Samsung Pay does not need to be specifically coded in by the manufacturer of a point-of-sale terminal or accepted by a store in order to work, due to its use of magnetic secure transmission. Any user whose bank is compatible with the service can pay anywhere that they would normally use their debit card, via either their phone or certain Samsung smartwatches. Those smartwatches, however, require a Samsung phone in order to use Samsung Pay. Everybody has their taste in Android devices, which is the beauty of Android; not everybody is willing to get a Samsung device just to use Samsung Pay. With adoption of Android Pay and Apple Pay still somewhat low, it could even be argued that the only thing keeping Samsung Pay from mass adoption is the fact that it's tethered to Samsung phones. The Gear S3 was apparently supposed to help with this, and the latest update reportedly activates this function.
In response to a tech site's article about the Gear S3 posted on Twitter, user @internetusr mentioned that they returned their Gear S3 because they could not use Samsung Pay with their non-Samsung device. The official Twitter account for the Samsung Pay service saw the Tweet and replied, saying that the feature is available as of November 23rd. They went on to say that those who wanted the functionality simply had to update the Gear Manager app on the phone that the watch was paired to.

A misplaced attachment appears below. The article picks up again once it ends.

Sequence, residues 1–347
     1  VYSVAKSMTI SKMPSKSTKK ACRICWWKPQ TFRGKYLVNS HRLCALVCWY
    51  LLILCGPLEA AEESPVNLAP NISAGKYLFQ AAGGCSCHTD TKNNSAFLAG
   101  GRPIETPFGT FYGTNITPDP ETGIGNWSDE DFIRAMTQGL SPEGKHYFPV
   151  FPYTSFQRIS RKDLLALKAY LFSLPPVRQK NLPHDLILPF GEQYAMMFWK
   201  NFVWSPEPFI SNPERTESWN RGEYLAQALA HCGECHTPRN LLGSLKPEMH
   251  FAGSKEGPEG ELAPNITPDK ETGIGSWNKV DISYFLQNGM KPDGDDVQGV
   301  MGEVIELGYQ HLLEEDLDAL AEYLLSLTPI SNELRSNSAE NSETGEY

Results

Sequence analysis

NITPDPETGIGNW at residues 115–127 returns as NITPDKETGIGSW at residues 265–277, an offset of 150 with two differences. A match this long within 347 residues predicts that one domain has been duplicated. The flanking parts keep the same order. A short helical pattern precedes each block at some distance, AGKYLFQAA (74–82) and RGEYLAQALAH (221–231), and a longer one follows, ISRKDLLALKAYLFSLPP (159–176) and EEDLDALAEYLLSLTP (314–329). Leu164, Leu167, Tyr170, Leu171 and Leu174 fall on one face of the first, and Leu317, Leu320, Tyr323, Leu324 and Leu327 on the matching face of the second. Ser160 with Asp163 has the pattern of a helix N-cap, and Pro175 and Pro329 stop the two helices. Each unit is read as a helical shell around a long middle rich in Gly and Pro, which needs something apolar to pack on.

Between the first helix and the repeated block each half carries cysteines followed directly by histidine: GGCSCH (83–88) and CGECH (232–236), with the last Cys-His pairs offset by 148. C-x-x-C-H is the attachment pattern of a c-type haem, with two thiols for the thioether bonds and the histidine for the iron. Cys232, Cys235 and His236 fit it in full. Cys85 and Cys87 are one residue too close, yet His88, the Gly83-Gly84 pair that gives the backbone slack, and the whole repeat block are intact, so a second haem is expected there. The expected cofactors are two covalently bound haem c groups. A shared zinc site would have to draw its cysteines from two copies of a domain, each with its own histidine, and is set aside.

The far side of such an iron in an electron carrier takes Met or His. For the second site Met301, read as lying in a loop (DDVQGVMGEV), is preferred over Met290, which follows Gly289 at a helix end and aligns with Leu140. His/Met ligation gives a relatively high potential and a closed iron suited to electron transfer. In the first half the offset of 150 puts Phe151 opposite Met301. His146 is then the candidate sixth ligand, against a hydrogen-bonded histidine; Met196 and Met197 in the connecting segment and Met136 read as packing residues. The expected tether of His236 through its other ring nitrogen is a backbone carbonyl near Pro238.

The Gear Manager app is available on Google's Play Store and will run properly on any phone sporting Android 4.4 (KitKat) or higher. This means that just about anybody can now use Samsung Pay without having to sacrifice their love of stock Android or Sony's boxy designs, for example. It should be noted that this function has yet to be tested on phones without Google Play, such as some Chinese devices or those running custom ROMs without Google's app suite, and also has yet to be tested on rooted devices. Since payment apps, most notably Android Pay, typically aren't very root-friendly, those who aren't willing to give up features like navigation bar customization and CPU frequency control should probably not get their hopes up.